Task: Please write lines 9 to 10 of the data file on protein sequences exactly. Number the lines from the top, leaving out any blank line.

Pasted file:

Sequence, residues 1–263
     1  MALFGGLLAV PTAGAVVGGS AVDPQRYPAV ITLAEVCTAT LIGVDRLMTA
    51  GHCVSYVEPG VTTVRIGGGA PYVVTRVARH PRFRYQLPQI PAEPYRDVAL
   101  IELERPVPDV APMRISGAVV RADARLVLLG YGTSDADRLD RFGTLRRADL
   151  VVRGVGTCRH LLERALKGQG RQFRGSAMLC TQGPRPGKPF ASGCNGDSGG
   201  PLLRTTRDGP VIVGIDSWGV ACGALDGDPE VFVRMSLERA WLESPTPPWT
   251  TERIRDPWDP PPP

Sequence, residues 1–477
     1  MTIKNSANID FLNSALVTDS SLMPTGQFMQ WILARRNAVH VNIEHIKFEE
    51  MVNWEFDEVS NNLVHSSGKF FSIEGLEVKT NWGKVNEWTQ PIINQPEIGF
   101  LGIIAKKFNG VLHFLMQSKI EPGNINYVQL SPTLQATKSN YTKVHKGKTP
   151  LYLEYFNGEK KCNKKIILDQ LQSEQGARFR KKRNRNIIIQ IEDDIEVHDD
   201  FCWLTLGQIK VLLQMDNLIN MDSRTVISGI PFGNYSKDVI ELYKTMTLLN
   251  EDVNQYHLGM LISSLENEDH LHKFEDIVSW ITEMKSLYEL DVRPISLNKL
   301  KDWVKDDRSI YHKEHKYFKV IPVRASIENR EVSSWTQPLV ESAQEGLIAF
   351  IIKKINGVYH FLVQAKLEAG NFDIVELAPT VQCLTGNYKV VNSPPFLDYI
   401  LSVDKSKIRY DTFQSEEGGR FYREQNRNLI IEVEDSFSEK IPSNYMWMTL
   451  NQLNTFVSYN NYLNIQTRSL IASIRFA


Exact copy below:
     1  MTIKNSANID FLNSALVTDS SLMPTGQFMQ WILARRNAVH VNIEHIKFEE
    51  MVNWEFDEVS NNLVHSSGKF FSIEGLEVKT NWGKVNEWTQ PIINQPEIGF